Use this URL to cite or link to this record in EThOS: https://ethos.bl.uk/OrderDetails.do?uin=uk.bl.ethos.798478
Title: Accurate and resource-efficient monitoring for future networks
Author: Tangari, Gioacchino
ISNI:       0000 0004 8507 5529
Awarding Body: UCL (University College London)
Current Institution: University College London (University of London)
Date of Award: 2019
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Abstract:
Monitoring functionality is a key component of any network management system. It is essential for profiling network resource usage, detecting attacks, and capturing the performance of a multitude of services using the network. Traditional monitoring solutions operate on long timescales producing periodic reports, which are mostly used for manual and infrequent network management tasks. However, these practices have been recently questioned by the advent of Software Defined Networking (SDN). By empowering management applications with the right tools to perform automatic, frequent, and fine-grained network reconfigurations, SDN has made these applications more dependent than before on the accuracy and timeliness of monitoring reports. As a result, monitoring systems are required to collect considerable amounts of heterogeneous measurement data, process them in real-time, and expose the resulting knowledge in short timescales to network decision-making processes. Satisfying these requirements is extremely challenging given today's larger network scales, massive and dynamic traffic volumes, and the stringent constraints on time availability and hardware resources. This PhD thesis tackles this important challenge by investigating how an accurate and resource-efficient monitoring function can be realised in the context of future, software-defined networks. Novel monitoring methodologies, designs, and frameworks are provided in this thesis, which scale with increasing network sizes and automatically adjust to changes in the operating conditions. These achieve the goal of efficient measurement collection and reporting, lightweight measurement- data processing, and timely monitoring knowledge delivery.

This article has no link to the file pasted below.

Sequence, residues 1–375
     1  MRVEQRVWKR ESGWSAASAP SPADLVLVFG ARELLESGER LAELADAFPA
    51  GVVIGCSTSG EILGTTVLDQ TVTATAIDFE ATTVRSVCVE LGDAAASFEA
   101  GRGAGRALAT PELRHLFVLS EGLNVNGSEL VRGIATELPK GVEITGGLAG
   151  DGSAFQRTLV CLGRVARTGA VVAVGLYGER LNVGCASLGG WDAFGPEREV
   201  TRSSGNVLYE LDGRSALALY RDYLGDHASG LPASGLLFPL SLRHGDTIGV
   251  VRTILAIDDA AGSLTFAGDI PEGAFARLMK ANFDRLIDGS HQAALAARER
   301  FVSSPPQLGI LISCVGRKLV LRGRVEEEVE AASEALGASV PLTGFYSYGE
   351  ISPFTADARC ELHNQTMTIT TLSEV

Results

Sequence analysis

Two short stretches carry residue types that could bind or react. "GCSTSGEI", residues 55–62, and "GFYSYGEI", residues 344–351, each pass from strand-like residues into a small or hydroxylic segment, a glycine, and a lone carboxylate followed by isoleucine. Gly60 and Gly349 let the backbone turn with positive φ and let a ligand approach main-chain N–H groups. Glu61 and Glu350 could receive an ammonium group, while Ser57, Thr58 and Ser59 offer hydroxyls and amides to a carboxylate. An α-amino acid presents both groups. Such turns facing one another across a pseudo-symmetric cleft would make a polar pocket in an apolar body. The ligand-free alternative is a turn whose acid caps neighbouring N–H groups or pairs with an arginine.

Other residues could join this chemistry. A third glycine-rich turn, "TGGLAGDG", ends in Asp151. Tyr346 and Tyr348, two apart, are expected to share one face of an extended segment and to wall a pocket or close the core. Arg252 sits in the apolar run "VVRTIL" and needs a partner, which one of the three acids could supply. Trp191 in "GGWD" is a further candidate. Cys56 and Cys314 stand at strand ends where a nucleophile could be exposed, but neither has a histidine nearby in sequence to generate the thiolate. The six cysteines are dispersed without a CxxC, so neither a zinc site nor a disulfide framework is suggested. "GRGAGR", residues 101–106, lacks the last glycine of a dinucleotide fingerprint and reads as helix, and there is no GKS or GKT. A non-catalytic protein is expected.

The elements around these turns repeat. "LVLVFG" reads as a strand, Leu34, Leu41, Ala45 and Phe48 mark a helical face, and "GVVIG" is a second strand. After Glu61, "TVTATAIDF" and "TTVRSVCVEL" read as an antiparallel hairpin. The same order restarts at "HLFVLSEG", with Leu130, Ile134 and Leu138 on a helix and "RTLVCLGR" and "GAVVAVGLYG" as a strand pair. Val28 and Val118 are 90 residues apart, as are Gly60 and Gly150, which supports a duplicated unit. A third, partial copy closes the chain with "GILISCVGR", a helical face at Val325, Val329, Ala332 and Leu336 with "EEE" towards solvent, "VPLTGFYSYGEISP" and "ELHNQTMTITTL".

Supervisor: Not available Sponsor: Not available
Qualification Name: Thesis (Ph.D.) Qualification Level: Doctoral
EThOS ID: uk.bl.ethos.798478  DOI: Not available
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